Former kingdom in Spain, surrounded by Aragon, Castile, and the Basque Provinces; now comprised in the provinces of Navarre (Spain) and Basses-Pyrénées (France). Sometimes independent, and at other times under French suzerainty, it finally became divided into a Spanish and a French province. It is known to have had a Jewish community before the end of the tenth century, and it may have had one still earlier. To repeople the depopulated cities after the expulsion of the Saracens, D. Sancho el Mayor, the first king of Navarre, endeavored to attract the Jews to his domains. They settled in the seaport towns of Pamplona, Estella, Olite, Tafalla, Viana, Funes, and Cortes, but principally in Tudela. The first kings appointed the Jews as guardians of the fortifications, and granted them special privileges ("fueros"). The reign of D. Alonso Sanchez el Batallador (the Valiant), which lasted almost thirty years, greatly influenced the civic status of the Jews in his dominions. In the "Fuero General" or "Fuero Foral de Navarra," which is attributed to him, they received full civil rights. For the laws governing the Jews see Kayserling, "Gesch. der Juden in Spanien," i. 194 et seq.

Under Spanish Rule.

Very unlike this tolerant ruler was his brother and successor, D. Garcia Ramirez el Monge (the Monk), who showed himself most liberal toward the clergy and the nobility at the expense of the Jews. In 1144 he gave the synagogue of Estella to the Church and transferred to the nobility of that town an entire village that had been built, and was then inhabited, by Jews. D. Sancho el Sabio protected the Jews against the animosity of the Navarrese, confirmed them in their former privileges, and granted them additional ones. He enacted that law-suits between Moors or Christians and Jews were to be decided only by such as professed the faith of the contending parties, and further that Jews were to pay tithes only on property acquired by purchase, and not on inheritances. Upon the death of D. Sancho el Fuerte, who had employed Jews as his financial agents, D. Theobald I. succeeded to the throne (1234). Like the other rulers of the Iberian Peninsula, he was requested by Pope Gregory IX. to force the Jews to wear a Badge to distinguish them from the Christians, but he declined to accede to the demand. As the protector of the Jews, Theobald endeavored to guard their privileges, and to defend them not only against mob-violence, as in the out-break at Tudela, but also against oppression by the municipal authorities.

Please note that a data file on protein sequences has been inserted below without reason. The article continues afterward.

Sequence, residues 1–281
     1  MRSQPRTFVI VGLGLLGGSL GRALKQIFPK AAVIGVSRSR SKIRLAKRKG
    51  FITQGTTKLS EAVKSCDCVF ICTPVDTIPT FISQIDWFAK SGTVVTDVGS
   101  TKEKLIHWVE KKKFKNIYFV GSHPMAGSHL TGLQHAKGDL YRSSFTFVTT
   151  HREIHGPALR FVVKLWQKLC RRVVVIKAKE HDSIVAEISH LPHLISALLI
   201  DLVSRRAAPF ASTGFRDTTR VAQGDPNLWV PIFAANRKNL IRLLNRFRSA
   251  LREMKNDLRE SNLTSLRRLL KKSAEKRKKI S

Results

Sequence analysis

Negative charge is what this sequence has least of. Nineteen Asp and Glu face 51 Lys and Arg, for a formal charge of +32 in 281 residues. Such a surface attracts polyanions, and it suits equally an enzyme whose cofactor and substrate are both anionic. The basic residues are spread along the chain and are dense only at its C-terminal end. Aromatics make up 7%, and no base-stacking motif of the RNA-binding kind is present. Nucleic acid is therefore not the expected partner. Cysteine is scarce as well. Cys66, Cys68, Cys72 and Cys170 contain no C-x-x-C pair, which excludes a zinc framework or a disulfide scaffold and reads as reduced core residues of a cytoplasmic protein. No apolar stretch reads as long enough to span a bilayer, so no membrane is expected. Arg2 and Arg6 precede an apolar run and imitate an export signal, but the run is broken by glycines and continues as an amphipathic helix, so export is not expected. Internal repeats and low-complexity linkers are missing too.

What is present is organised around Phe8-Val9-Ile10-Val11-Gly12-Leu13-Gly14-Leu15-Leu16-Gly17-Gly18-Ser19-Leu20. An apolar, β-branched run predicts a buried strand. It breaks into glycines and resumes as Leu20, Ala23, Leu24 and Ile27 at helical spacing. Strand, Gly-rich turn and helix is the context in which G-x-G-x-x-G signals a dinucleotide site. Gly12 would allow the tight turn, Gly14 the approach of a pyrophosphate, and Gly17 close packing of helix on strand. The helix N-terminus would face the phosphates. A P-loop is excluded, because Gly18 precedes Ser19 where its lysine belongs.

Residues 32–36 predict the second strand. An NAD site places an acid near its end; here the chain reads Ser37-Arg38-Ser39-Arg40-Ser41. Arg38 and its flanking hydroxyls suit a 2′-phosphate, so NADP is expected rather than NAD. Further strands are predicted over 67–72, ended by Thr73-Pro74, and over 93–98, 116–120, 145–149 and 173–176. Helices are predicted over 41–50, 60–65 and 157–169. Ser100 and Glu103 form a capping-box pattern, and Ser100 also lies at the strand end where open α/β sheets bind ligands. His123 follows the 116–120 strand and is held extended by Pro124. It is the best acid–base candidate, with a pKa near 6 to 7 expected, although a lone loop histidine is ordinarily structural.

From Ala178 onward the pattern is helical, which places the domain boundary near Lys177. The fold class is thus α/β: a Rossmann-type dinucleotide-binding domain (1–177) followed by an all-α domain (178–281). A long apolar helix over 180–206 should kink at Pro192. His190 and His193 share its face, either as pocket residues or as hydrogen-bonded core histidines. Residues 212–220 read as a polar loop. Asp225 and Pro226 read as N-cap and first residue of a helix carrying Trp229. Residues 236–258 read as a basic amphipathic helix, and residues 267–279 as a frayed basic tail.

Under French Suzerainty.

With the accession of Theobald II., son-in-law of Louis IX. (the Saint) of France, Navarre was placed under French suzerainty, and the Jews there were reduced to the same position as their French brethren; they were subjected to the same frequent decrees against usury and the same anti-Jewish outbreaks. Theobald II. was succeeded by his brother Henry, who died in 1274, after a brief reign. Civil disturbances then broke out, and those Jews who, as in Pamplona, rashly took part in the factional strife suffered greatly. A French army, which invaded the country to suppress the rebellion, pillaged the houses of the Jews and destroyed the synagogues (1276). Philip the Fair, acting as guardian of the young queen Juana, began his reign by levying a coronation-tax of 20,000 livres on the Jews of Navarre. He also relieved those inhabitants of Murillo, Cabanillas, Araciel, Corella, Buñuel, Ribaforado, Azagra, and San Adrian who owed the Jews money, from paying interest on their debts, which he canceled either in whole or in part.